Empowered To Be Fit, LLC

THE BASELINE DIET

BASELINE

1. Determine Average Daily Caloric Expenditure:

The number of calories you need each day in order to maintain your current body weight is considered your average daily caloric expenditure.
1) What you need before you begin: a food scale, measuring cups and a calorie counting reference book that breaks down food by grams/ounces into total calories, grams of protein, grams of carbohydrates and grams of fat.
2) Next you start by taking a beginning body weight: Keep a food journal for 5 days. Do not attempt to be good or bad as we are trying to determine your current metabolic rate. On the 6th day take an ending body weight.
3) If your beginning and ending bodyweight are equal then the sum of the calories consumed divided by 5 is your average daily caloric expenditure.

2. Evaluate Your Food Journal Qualitatively and Quantitatively:

Now that we know your average daily caloric expenditure, we can take a closer look at the timing and specific quantities of each meal, total calories and nutrient value of the foods you consume each day. Next, we will identify and prioritize the things about your program that can and should be changed or tweaked during the 1st phase of your program.

1) Specific quantities of each meal as well as how many times a day you eat and even the length of time between meals can all affect your body composition.

  • A) Portion control refers to the total number of calories you consume in each meal and snack. Your body can only breakdown and utilize a specific number of calories from each meal. Consuming more than that results in body fat storage and a reduction in total nutrient uptake by the body.
  • B) Eating too few calories a day is a common pitfall for unsuccessful dieters for several reasons:
  1. Waiting long periods between meals usually results in increased hunger and over consumption in the next meal.
  2. When the body is fed infrequently and runs low on consumed fuel it generally beaks down stored muscle for energy instead of stored body fat.
  3. Stored muscle is metabolically active which means every pound burns between 50 and 100 calories per day depending on the individual. Therefore, it is desirable to build and maintain lean muscle tissue while dieting. If you were to lose 5 pounds of body weight, half of which was muscle and the other half body fat, you would just be a smaller version of the same you, but with a slower metabolism. This is one of the reasons why most dieters are “roller coastering” and gain back lost weight. Weight training encourages the body to maintain and/or build lean muscle tissue but only if the machine is fed often enough throughout the day.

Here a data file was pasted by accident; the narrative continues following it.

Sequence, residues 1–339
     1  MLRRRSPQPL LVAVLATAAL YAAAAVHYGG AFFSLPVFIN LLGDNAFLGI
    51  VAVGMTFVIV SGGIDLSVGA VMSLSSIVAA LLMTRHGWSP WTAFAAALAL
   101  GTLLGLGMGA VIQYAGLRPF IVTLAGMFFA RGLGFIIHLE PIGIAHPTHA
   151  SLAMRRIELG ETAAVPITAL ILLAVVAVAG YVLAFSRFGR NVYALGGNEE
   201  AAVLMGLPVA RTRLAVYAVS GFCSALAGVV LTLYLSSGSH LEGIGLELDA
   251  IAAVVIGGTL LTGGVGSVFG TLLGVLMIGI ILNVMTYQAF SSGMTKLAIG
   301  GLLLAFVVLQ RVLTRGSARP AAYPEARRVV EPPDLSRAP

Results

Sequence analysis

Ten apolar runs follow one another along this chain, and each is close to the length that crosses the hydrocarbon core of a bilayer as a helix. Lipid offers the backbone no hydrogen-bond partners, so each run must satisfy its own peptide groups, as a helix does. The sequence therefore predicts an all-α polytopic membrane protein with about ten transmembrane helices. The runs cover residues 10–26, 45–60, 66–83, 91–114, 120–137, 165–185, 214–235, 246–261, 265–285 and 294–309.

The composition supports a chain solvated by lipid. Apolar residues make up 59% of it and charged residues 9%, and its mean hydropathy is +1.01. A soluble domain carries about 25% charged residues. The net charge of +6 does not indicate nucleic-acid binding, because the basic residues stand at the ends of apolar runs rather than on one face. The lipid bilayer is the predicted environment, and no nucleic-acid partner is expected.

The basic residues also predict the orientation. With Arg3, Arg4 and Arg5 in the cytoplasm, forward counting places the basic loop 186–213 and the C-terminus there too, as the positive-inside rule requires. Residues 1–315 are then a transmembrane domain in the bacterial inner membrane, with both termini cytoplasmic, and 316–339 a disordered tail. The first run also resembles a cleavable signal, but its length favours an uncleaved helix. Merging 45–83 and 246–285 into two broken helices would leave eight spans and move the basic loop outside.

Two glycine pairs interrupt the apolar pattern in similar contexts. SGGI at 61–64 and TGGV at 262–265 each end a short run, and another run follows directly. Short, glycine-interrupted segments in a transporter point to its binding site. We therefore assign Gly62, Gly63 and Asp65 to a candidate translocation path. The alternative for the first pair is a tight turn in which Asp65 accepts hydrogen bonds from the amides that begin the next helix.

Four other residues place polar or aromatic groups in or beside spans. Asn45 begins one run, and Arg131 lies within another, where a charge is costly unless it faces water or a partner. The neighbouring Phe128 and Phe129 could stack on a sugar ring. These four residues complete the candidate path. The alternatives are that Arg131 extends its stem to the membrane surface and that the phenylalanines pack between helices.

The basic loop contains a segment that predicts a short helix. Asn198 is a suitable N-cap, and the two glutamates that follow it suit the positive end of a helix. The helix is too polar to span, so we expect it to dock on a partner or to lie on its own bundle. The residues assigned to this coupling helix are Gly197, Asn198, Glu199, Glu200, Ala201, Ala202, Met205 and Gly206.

2) Total calories are an important part of the mathematical equation as well. Because we know how many calories a day your body burns on average, we can adjust that number you consume to create an energy deficit. A deficit not a “crisis”! A deficit is a narrow margin between the amount you consume and amount you burn resulting in a loss of bodyweight (body fat when we apply the rest of the system). A crisis is too wide a margin between consumption and expenditure leaving the body afraid of starvation so it stores fat and sacrifices muscle for energy. What happens then…our metabolism slows to a crawl and no body wins.

3) The nutrient value of you meals is the third and an extremely important component of the program. Your overall health and the efficiency of your machine depend greatly on the quality of the food. If food is fuel and you are a machine then consider this; in terms of fuel types, you can put unleaded regular, super unleaded, racing or rocket fuel into your machine. How well your machine operates is strongly influenced by the type of fuel you decide to use.

3. Establishing Proper Ratios of Proteins, Carbohydrates and Fats:

Whether your goal is to reduce body fat storage while maintaining lean muscle tissue or gaining lean muscle without adding body fat, you must first establish the correct ratios of proteins, carbs and fats. Although the specific needs of each individual may vary, it is a good idea to begin with a conservative ratio, which is followed for the first phase (about 4 weeks). By standardizing the amounts of foods in each serving and ratios of proteins, carbs and fats for 30 days, we often see modest body composition changes. More importantly, we have created an environment that allows even small changes in values to be both recognized and responded to by the body. When consumption is too erratic, a small change goes unnoticed by the body and is ineffective.

4. Perform an Initial Assessment:

In order to measure the effectiveness of any program, there must be a beginning set of measurements that changes can be compared to. Changes in those measurements let us know how we are doing along the way. These measurements should be re-evaluated at pre-determined intervals that can be used to chart your results. Knowing you are going to be re-evaluated may keep you on track and help avoid temptation to stray from the program.